In the coming days, American war planes may participate in NATO air 
strikes on military targets around Sarajevo. We do not yet know whether 
air strikes will be necessary. But I want to talk with you about what 
American interests are at stake and what the nature and goals of our 
military involvement will be if it occurs.
    The fighting in Bosnia is part of the broader story of change in 
Europe. With the end of the cold war, militant nationalism once again 
spread throughout many countries that lived behind the Iron Curtain and 
especially in the former Yugoslavia. As nationalism caught fire among 
its Serbian population, other parts of the country began seeking 
independence. Several ethnic and religious groups began fighting 
fiercely. But the Serbs bear a primary responsibility for the aggression 
and the ethnic cleansing that has killed tens of thousands and displaced 
millions in Bosnia.
    This century teaches us that America cannot afford to ignore 
conflicts in Europe. And in this crisis, our Nation has distinct 
interests. We have an interest in helping to prevent this from becoming 
a broader European conflict, especially one that could threaten our NATO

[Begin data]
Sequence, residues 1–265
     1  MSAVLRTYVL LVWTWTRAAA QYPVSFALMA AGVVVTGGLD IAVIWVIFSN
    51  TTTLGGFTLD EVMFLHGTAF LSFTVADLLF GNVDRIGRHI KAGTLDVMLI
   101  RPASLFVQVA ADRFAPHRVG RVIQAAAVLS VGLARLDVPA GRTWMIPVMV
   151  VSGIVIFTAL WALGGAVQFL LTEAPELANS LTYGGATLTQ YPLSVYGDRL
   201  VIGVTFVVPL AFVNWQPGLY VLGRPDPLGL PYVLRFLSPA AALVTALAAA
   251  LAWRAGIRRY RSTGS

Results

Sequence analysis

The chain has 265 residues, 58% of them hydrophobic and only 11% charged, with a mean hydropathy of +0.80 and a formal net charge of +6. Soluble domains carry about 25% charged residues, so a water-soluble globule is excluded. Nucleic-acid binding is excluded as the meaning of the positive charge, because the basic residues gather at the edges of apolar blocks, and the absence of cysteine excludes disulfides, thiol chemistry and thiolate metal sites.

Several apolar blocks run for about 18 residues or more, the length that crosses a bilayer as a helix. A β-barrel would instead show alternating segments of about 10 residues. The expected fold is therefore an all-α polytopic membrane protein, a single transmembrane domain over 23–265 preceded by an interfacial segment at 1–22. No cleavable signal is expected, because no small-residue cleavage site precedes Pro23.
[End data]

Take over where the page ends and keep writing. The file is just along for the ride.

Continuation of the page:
allies or undermine the transition of former Communist states to 
peaceful democracies.
    We have an interest in showing that NATO, the world's greatest 
military alliance, remains a credible force for peace in the post-cold-
war era. We have an interest in helping to stem the destabilizing flows 
of refugees this struggle is generating throughout all of Europe. And we 
clearly have a humanitarian interest in helping to stop the 
strangulation of Sarajevo and the continuing slaughter of innocents in 
    I want to be clear: Europe must bear most of the responsibility for 
solving this problem and, indeed, it has. The United Nations has forces 
on the ground in Bosnia to protect the humanitarian effort and to limit 
the carnage. And the vast majority of them are European, from all 
countries in Europe who have worked along with brave Canadians and 
soldiers from other countries. I have not sent American ground units 
into Bosnia. And I will not send American ground forces to impose a 
settlement that the parties to that conflict do not accept.
    But America's interest and the responsibilities of America's 
leadership demand our active involvement in the search for a solution. 
That is why my administration has worked to help contain the fighting, 
relieve suffering, and achieve a fair and workable negotiated end to 
that conflict.
    Over a year ago, I appointed a special American envoy to the 
negotiations to help find a workable, enforceable solution acceptable to 
all. And I have said that if such a solution can be reached, our Nation 
is prepared to participate in efforts to enforce the solution, including 
the use of our military personnel.
    We have participated in the enforcement of economic sanctions 
against Serbia. We initiated airdrops of food and medicine and